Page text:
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Blanche
Hello,

I'm new to the area and to paleontology. I went to Seafield tower yesterday and found a few things I'd love to have an identification for. In particular the tooth, which does not seem to match the pictures I could find of Ctenopetalus serratus.

20190912_104150.jpg  20190912_104033.jpg  20190912_103936.jpg  20190912_103920.jpg 

There's also these two specimens from the same day. Is that a plant, a coral?


20190912_104302.jpg  20190912_104255.jpg  20190912_104222.jpg 
Thank you in advance for your help.

Blanche

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prep01
Hello Blanche and welcome to the forum. Would this be Seafield in Northumberland or another one?
Colin Huller
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Blanche
hello Colin,

Thank you for your welcome! This is the Seafield Tower site in Scotland, just south of Kirkcaldy.

Blanche
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Barrow Museum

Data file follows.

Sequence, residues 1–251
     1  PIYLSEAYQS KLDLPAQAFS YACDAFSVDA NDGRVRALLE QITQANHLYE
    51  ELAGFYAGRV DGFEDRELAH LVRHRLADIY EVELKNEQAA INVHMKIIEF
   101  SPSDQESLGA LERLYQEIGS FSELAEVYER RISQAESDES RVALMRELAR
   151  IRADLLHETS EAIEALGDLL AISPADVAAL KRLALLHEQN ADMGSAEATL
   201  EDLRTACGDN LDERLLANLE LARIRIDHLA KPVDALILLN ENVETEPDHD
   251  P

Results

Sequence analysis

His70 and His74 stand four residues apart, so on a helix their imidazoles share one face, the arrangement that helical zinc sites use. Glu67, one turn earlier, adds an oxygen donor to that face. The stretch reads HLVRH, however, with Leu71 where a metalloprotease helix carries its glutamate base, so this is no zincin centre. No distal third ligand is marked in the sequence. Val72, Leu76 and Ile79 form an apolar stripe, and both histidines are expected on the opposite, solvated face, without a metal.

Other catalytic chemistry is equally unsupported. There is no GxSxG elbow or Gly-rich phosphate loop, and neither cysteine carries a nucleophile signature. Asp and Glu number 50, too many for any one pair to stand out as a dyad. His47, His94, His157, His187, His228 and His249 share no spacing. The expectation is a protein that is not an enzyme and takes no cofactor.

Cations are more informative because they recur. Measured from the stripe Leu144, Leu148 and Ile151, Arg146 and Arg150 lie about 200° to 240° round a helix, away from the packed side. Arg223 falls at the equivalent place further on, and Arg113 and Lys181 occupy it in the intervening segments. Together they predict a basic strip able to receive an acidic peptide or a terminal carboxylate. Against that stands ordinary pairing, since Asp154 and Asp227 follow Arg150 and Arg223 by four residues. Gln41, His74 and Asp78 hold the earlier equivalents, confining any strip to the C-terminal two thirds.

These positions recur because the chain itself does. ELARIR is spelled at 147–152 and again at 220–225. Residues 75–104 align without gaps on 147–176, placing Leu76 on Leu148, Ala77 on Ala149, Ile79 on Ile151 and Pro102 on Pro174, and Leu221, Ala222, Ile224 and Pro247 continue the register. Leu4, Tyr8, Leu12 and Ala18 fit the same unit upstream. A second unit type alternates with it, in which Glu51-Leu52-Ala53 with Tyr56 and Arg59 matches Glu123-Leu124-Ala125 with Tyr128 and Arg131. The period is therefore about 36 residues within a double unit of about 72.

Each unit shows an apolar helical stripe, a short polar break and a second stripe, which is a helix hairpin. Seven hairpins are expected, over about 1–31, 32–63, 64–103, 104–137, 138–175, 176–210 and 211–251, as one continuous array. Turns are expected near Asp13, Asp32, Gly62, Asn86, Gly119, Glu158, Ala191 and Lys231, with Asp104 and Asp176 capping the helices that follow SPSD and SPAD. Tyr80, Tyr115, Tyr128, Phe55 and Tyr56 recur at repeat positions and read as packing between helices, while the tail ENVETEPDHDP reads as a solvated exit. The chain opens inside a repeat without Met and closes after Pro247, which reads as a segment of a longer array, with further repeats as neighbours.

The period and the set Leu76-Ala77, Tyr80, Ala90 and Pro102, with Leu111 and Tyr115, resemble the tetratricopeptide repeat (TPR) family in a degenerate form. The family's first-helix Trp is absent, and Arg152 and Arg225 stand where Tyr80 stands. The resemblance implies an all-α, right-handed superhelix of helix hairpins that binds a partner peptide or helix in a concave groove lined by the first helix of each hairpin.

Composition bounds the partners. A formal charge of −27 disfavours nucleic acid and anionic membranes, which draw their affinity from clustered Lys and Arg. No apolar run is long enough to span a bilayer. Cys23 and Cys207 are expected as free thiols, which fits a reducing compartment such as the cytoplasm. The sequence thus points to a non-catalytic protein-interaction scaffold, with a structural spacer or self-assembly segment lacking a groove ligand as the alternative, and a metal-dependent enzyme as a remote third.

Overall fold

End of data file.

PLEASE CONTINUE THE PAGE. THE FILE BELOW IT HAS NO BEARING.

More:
The coastal exposures around Seafield Tower (Fife) are predominantly Carboniferous sediments, interbedded with basaltic lava and volcanic ashfall deposits of the same age.  What you have found looks like a small solitary coral and a fragment of a somewhat larger one (identified by the radiating divisions, (septae) in the cross-section.  At first glance, I thought it was bryozoan, but on closer inspection I suspect the network pattern visible on the last image is in fact the internal structure, exposed where the outer coral layer has been broken away.  I only see photos of two items here.  Is there a third missing?

I assume you were alerted to the site from its entry in https://ukfossils.co.uk/2017/10/03/seafield-tower/ , where it is described as one f the best fossil-hunting localities in rocks of this age in the UK.  As you are local, I'd encourage you to go back and search for more - I doubt you will be disappointed.
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TqB
I agree with Barrow Museum, both are solitary Carboniferous corals. The tooth like one (somewhat crushed) is close to, or even actually, Zaphrentis sp, though there is a whole tricky group of broadly similar ones and it could even be a juvenile of something else.
Tarquin
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